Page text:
When it comes to skepticism around the low-fat, plant-centered diet he prescribes to reverse heart disease,Dean Ornish, MD, has heard every excuse.
“‘Is it fun for me, or is it good for me? Am I going to live longer, or is it just going toseemlonger?’ and all those tired clichés,” he says, reeling off a few.
Of course, it works, too, and The Ornish Diet just tied (with the Mediterranean diet) as No. 1 for heart health inU.S. News & World Report‘s 2019 diet rankings.
But, Ornish says, the principles in his new book,Undo It! How Simple Lifestyle Changes Can Reverse Most Chronic Diseases, written with his wife and business partner,Anne Ornish, can helpallof us live longer and better by following the research-backed benefits of their four-pronged approach to good health: eat well, move more, stress less, love more.
“It’s really not that hard,” Dean promises.
Low-tech lifestyle changes really work — and quickly.
It’s common for people to be skeptical that such basic measures as improving diet, moderate exercise, smart stress management and fostering emotional health can have such a big impact.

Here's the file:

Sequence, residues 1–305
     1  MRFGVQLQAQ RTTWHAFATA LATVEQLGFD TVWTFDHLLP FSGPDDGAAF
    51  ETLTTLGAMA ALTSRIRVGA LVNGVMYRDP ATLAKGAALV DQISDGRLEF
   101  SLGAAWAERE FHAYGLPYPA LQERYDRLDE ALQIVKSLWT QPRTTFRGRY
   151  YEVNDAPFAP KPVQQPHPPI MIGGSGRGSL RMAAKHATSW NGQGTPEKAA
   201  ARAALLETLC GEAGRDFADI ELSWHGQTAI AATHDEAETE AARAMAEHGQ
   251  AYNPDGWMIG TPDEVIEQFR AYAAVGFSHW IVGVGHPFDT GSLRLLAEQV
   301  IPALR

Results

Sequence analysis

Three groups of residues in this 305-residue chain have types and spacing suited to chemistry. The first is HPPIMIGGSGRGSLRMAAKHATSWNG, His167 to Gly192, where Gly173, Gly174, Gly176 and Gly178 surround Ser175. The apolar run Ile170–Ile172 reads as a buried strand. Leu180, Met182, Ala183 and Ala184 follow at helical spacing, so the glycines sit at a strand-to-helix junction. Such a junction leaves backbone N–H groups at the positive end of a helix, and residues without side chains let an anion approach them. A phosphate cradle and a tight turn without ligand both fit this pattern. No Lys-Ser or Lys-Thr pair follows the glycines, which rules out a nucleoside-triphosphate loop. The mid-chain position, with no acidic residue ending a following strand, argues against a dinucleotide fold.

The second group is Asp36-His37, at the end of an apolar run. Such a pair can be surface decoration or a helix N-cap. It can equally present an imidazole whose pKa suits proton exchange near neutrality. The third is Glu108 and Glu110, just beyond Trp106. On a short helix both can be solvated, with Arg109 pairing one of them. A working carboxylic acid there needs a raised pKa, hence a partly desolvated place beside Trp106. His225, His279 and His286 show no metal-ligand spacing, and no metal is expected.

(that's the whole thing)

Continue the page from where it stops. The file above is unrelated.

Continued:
“When I started doing this work 40 years ago and we were able to show for the first time that you could actually reverse heart disease, what was so striking was that within just a few weeks people with such severe angina or chest pain that they couldn’t walk across the street without pain or make love with their spouse or play with their kids or go back to work were pain free and could do all of those things,” says Dean.
The strategies inUndo It!are backed by 40 years of solid research, and they’re so effective that the Ornishes’ program is now covered by Medicare and a growing list of insurance companies.
“We’ve been using very high-tech, expensive, state-of-the-art scientific measures to prove how powerful these very simple, low-tech and low-cost interventions can be,” he says.
For example, one study found that these lifestyle changes could impact more than 500 genes—activating good ones and turning off harmful ones—in just three months.